Peace River at Peace River
Catchment area of the Peace River in western Canada
The Peace River ( English for " Peace River "; French Rivière de la Paix ) is a 1521 km long river in the Canadian provinces of British Columbia and Alberta.
The river, which is part of the river system of the Mackenzie River, the entfließt located in British Columbia in the Rocky Mountains Williston Lake, a reservoir, the largest tributaries of the Finlay River and the Parsnip River are. From W. - A. - C. Bennett Dam, which is located at its eastern arm, the Peace River flows in a northeasterly direction through Alberta where it receives the waters of the opening into him Smoky River and Wabasca River to the Slave River.
The catchment area of the Peace River covers 302,500 km ².
Different names for a river
Had The river itself for many northern tribes such as the Daneẕaa ( Dunneza - The real ( prototypical ) people ' - "the true, prototypical people", formerly called Beaver ), South Slavey ( Deh Cho - "people of the great river, that is, on Mackenzie River " ), Dogrib ( Done, Dene - " people "or Done Do - " Dene people ' ), Chipewyan ( Denesuline, Denésoliné, Dënesųłiné - " people of the barren, desolate land" ) and Sekani ( Tse'khene - "people in the rocky mountains ").
As historian Merrily Aubrey emphasized the importance of the river is attested among the different indigenous tribes by the several names that were given to the river by this.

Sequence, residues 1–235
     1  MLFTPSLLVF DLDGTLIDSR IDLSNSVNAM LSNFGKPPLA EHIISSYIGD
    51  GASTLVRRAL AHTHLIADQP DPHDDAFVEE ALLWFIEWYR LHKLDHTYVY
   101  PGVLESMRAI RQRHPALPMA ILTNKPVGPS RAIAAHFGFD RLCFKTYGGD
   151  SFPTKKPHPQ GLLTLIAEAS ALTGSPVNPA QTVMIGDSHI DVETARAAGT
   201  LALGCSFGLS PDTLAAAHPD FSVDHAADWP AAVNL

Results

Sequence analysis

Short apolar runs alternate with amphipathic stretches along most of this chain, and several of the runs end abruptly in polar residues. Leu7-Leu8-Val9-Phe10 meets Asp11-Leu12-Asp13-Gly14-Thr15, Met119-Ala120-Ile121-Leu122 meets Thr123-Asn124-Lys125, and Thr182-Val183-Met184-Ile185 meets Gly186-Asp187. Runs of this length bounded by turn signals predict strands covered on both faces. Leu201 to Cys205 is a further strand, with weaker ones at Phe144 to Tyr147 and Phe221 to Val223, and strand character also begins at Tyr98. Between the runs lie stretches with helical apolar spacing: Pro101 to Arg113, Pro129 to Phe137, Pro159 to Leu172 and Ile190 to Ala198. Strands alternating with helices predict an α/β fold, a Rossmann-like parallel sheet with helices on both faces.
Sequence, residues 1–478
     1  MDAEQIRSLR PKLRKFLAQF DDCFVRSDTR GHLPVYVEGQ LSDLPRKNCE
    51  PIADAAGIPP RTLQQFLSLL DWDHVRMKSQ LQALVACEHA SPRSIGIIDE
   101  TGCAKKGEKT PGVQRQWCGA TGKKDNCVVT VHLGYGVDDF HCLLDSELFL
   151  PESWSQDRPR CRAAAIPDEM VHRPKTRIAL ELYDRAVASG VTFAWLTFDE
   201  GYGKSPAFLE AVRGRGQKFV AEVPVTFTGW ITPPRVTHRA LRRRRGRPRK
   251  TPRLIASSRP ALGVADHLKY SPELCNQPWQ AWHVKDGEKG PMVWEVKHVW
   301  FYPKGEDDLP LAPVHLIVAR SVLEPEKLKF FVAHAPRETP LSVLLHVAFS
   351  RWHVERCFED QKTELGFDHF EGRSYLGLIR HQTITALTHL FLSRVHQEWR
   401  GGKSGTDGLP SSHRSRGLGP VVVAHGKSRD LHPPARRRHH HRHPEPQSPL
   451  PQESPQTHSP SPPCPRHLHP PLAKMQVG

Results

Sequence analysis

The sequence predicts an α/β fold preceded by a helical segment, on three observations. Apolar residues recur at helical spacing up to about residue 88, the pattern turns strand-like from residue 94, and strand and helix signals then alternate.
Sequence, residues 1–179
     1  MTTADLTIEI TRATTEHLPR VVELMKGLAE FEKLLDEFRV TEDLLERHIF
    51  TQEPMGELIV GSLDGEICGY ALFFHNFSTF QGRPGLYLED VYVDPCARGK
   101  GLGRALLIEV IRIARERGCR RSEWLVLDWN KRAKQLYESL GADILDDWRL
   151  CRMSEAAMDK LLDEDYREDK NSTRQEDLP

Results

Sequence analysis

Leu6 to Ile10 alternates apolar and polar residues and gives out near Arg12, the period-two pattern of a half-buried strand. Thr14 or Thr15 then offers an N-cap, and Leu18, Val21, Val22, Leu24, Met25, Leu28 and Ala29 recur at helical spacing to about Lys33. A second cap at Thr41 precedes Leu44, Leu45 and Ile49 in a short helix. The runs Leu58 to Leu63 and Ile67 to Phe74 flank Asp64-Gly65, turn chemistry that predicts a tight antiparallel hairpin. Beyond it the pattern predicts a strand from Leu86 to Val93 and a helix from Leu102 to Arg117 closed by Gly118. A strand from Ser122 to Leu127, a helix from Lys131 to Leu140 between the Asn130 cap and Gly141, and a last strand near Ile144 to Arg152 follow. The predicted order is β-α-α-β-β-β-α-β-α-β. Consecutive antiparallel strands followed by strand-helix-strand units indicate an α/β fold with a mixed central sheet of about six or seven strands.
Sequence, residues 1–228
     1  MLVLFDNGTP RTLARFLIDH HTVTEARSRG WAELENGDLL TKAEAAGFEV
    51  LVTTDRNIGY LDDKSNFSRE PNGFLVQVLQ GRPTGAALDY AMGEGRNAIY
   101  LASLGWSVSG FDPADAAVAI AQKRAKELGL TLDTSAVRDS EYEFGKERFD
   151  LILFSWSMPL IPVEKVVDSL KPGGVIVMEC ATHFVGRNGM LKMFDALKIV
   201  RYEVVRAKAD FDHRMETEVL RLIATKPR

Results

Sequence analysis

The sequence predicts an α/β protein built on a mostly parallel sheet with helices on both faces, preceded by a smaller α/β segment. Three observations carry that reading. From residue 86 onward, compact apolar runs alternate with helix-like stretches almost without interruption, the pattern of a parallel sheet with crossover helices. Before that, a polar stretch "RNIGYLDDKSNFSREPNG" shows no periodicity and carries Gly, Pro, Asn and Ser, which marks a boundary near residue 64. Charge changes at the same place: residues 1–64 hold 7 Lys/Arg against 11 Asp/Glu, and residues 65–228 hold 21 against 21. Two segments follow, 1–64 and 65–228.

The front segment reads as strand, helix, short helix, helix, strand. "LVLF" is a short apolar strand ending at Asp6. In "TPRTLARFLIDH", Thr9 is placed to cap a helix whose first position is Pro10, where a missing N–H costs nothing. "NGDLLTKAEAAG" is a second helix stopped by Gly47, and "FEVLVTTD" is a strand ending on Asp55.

The upriver living Daneẕaa for the so- called the vital flow due to its size simply Ungeega, which literally means simply " Big River " means.
Another source reported that the South Slavey the river, however, as Chin- Chago - which allegedly Beautiful river means (see: William Ogilvie ) - designated. Today, a tributary of the River Hay River Chinchaga is called.
The now common English name as Peace River derives from Peace Point at the confluence with the Slave River from where between the warring Daneẕaa and in whose territory encroaching Cree, a peace treaty was concluded in 1781, of the river as boundary between the two tribes sealed.
The Hudson 's Bay Post Journal from 1822 calls the river but still Rivière de Broche what the French word for pike itself - brochet - derived, an important food fish and the immediate interest of the English and French, this in as a source of food for their companies to use fur trade.
Places on the river
- Fort St. John, British Columbia
- Peace River, Alberta
- Fort Vermilion, Alberta